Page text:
POLITICS

Conversion of Thunder Bay plant to natural gas paused, not cancelled: Bentley

11/16/2012 12:58 EST | Updated 01/16/2013 05:12 EST
TORONTO - Progressive Conservative claims that plans to convert a coal-fired generating station in Thunder Bay to natural gas have been cancelled are flat out wrong, Energy Minister Chris Bentley said Friday.

"The right word is pause," Bentley said in an interview.

The Ontario Power Authority believes future electricity needs in the region can be met without the conversion, and says it would save $400 million by scrapping the project, added Bentley.

The minister wants to see a detailed plan from the electricity planning agency before making a final decision, which he expects to receive shortly.

"We've been proceeding on the basis the conversion would happen, that the conversion was necessary," said Bentley.

"If someone tells me I can save up to $400 million, they've got my attention. Now I've said show me. We're at the show me stage."

The Progressive Conservatives are convinced the plant's conversion to natural gas will not proceed, and predict the Liberals will use the savings to help pay for their decisions to cancel gas plants in Oakville and Mississauga at a cost of at least $230 million.

It's wrong to blame the OPA or Ontario Power Generation, which failed to reach an agreement with the OPA on a pricing scheme for the energy to be produced in Thunder Bay after the conversion to natural gas, said PC energy critic Vic Fedeli.

"Let's be clear, this is not a delay, this is a cancellation," he said.

"I think Mississauga and Oakville prove that no energy decision is made without the blessing of the Liberal government of Ontario."

The New Democrats also lashed out at the Liberals for their delays in the long-promised Thunder Bay project.

"The Liberals promised this conversion in two election campaigns, and already spent $13 million starting work they later stopped," said NDP house leader Gilles Bisson.

"Once again, the Liberals are playing politics with our power system and that's not fair to communities like Thunder Bay."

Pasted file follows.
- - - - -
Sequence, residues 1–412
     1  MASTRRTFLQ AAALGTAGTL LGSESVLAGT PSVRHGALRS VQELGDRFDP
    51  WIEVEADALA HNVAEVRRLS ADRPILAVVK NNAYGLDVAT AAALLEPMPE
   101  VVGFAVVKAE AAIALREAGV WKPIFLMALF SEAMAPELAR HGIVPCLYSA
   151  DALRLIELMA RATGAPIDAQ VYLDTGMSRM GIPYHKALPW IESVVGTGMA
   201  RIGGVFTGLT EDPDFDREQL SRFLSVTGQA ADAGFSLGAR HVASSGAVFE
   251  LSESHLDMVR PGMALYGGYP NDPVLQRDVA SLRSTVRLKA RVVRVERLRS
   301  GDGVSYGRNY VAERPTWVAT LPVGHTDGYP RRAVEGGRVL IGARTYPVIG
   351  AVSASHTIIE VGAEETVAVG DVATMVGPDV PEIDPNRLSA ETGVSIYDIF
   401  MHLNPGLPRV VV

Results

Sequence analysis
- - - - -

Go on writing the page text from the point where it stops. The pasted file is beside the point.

The Northwestern Ontario Municipal Association said it doesn't understand why the OPA doesn't immediately provide Bentley with the studies that support its proposal to scrap the conversion to natural gas and prove there would be huge savings.

"The $400 million savings that has now been thrown out, we're all sitting there going where'd that come from," said NOMA president Ron Nelson.

"The OPA is telling everybody that there is enough power, then they should be able to produce that data and give it to the minister today. What's the holdup?"

It says the conversion must go ahead or northern Ontario could find itself short of power after winter storms or if water levels fall too low, added Nelson.

Even though he wants proof of the OPA's claims, Bentley said there is no shortage of electricity right now in the Thunder Bay region, even after accounting for new developments coming on line such as mines around the Ring of Fire deposits.

"There's more than enough power right now in the northwest, and as you look into the future the only time when it's questionable is if there's really, really, really low water and some other things happen," he said.

Locals fear the expansion of the so-called east-west tie line, which the OPA says will double its capacity from 300 megawatts to 600, won't be completed until years after they stop burning coal to generate electricity in Thunder Bay, and say they could be left in the dark.

"What do we do in the meantime," asked Nelson.

"What if we have a drought and can't produce on our hydro dams?"

The Liberal government has promised to phase out all coal-fired generating stations by 2014.

Northerners are tired of seeing the Liberal government bow to the concerns of southern residents, said Fedeli.

"Anything that we need in the north they call a subsidy; anything they do in the south they call an investment," he said.

"There is a huge divide swelling between the north and the south, and this is another example."